“Its proposals are aimed at creating guardrails to help governments come together around guidelines that promote facts, while exposing conspiracies and lies, and safeguarding freedom of expression and information,” Guterres said on Monday.
How dangerous is misinformation, disinformation and hate speech?
As well as expressing concerns on AI and new technologies, Guterres said that “the proliferation of hate and lies in the digital space is causing grave global harm” and has harmful consequences on all fronts.
According to Guterres, “It is fuelling conflict, death and destruction – now. It is threatening democracy and human rights – now. It is undermining public health and climate action – now.”
On defining misinformation and disinformation, the policy brief highlights that “while there are no universally accepted definitions of these terms, United Nations entities have developed working definitions.”
In the policy brief, “misinformation refers to the unintentional spread of inaccurate information shared in good faith by those unaware that they are passing on falsehoods.”
Disinformation in the policy brief “is information that is not only inaccurate, but is also intended to deceive and is spread in order to inflict harm.”
“For the purposes of the present policy brief,” the brief reads, “the difference between mis- and disinformation lies with intent.”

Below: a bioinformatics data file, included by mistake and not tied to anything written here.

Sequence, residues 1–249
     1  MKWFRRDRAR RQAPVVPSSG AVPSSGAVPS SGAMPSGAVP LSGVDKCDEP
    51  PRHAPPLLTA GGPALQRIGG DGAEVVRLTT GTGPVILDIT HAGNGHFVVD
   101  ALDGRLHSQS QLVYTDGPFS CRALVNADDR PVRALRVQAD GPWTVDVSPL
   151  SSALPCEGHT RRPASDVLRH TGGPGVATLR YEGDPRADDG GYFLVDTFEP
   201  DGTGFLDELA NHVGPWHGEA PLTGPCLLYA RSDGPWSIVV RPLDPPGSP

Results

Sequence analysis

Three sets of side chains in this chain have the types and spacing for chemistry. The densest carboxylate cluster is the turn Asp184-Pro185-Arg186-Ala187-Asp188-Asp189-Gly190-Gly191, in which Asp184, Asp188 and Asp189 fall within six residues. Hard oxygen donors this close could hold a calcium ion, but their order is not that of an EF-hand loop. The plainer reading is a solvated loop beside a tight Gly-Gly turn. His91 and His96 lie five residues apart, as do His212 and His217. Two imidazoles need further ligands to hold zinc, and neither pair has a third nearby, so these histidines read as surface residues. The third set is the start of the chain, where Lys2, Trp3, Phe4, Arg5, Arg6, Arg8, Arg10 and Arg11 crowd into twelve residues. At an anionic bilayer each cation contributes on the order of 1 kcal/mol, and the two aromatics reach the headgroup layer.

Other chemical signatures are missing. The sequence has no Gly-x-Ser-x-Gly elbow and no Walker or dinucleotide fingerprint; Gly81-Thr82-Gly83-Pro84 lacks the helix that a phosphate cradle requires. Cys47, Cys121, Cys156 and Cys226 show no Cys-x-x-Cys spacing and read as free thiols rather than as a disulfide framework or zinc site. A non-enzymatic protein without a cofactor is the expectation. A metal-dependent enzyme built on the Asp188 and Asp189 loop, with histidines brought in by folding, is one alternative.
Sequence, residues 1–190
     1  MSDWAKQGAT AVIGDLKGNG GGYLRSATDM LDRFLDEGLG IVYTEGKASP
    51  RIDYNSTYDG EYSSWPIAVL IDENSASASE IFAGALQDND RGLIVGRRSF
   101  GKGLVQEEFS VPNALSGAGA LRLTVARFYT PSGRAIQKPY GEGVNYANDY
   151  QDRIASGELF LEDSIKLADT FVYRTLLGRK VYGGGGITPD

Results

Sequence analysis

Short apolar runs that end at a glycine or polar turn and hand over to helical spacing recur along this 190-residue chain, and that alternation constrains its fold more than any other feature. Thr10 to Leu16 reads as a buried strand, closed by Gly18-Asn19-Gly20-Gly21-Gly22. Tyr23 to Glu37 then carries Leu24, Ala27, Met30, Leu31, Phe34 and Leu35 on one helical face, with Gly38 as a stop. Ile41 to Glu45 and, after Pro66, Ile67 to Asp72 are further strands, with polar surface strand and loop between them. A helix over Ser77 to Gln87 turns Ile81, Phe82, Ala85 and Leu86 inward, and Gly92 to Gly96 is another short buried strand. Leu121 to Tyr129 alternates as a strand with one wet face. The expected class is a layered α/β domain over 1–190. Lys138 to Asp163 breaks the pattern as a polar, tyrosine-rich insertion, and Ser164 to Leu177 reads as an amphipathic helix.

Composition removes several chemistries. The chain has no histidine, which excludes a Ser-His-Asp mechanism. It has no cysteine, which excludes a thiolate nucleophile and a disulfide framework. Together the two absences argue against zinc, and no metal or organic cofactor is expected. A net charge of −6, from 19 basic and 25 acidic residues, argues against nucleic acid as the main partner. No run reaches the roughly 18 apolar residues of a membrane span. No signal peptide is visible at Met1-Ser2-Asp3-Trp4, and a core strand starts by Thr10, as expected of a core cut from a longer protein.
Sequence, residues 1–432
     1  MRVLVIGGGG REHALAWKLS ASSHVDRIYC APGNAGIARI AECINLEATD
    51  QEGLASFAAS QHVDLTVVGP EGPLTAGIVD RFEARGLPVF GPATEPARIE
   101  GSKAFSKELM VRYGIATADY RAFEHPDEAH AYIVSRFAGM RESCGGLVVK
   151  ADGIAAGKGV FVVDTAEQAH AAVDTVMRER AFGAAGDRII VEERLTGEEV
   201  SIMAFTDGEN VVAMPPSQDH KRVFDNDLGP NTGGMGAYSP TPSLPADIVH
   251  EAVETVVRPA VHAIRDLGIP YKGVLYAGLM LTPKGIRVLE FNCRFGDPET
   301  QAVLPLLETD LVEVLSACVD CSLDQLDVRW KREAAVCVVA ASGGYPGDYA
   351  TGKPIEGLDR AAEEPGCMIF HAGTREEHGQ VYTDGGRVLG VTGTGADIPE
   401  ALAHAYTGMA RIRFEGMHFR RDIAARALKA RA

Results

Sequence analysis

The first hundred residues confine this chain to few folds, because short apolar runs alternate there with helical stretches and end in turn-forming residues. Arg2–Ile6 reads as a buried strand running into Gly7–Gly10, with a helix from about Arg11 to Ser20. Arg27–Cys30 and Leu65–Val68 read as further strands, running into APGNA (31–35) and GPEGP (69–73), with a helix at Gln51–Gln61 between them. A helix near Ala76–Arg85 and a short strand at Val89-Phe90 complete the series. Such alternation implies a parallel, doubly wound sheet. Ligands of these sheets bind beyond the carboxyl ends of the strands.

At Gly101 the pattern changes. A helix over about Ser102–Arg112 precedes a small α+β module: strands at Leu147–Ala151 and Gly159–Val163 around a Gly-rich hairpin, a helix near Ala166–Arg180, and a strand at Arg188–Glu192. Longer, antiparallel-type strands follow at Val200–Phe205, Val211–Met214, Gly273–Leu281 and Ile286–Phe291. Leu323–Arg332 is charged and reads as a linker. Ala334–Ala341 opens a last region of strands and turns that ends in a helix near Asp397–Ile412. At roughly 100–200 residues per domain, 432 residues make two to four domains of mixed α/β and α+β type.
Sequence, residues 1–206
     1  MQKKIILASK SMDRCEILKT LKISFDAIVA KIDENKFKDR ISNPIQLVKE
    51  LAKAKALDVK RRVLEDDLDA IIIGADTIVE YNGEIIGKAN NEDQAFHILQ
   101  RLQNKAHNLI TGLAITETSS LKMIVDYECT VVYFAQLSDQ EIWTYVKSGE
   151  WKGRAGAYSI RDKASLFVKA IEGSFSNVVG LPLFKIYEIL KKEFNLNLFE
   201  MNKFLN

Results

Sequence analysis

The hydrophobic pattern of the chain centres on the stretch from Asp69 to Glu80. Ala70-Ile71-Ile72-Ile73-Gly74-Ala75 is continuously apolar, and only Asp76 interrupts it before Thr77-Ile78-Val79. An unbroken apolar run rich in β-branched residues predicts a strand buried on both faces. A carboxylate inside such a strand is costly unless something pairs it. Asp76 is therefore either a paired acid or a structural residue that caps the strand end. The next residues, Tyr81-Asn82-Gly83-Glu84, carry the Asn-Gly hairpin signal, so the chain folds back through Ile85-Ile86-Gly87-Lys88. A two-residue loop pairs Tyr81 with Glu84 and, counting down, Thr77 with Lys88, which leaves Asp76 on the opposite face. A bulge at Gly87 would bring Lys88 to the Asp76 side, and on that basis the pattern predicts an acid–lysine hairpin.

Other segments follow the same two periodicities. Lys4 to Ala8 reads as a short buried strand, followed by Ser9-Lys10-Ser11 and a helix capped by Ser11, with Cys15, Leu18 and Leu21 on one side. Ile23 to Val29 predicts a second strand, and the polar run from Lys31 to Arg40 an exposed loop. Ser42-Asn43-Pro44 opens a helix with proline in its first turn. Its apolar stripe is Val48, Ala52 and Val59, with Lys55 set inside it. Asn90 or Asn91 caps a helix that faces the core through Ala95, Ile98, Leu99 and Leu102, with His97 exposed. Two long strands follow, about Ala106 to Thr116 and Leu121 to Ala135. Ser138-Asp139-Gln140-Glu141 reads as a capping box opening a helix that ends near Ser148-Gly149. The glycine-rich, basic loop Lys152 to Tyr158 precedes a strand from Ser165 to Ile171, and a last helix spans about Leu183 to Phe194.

The brief references a survey published by Harvard Kennedy School found that 58.5% of frequent internet users worry about consuming misinformation, with young and low-income groups being the most concerned. The brief points out that young people, as “digital natives,” are at risk of “exposure to online hate speech and harm,” which can affect their mental health.
But, as the brief highlights, there can be deadly impacts of misinformation, disinformation and hate speech leading to death and conflict.
The policy brief mentions the COVID-19 pandemic, during which, “a deluge of mis- and disinformation about the virus, public health measures and vaccines began to circulate online.” The brief also reads that “[c]ertain actors exploited the confusion for their own objectives, with anti-vaccine campaigners driving users to sites selling fake cures or preventive measures.”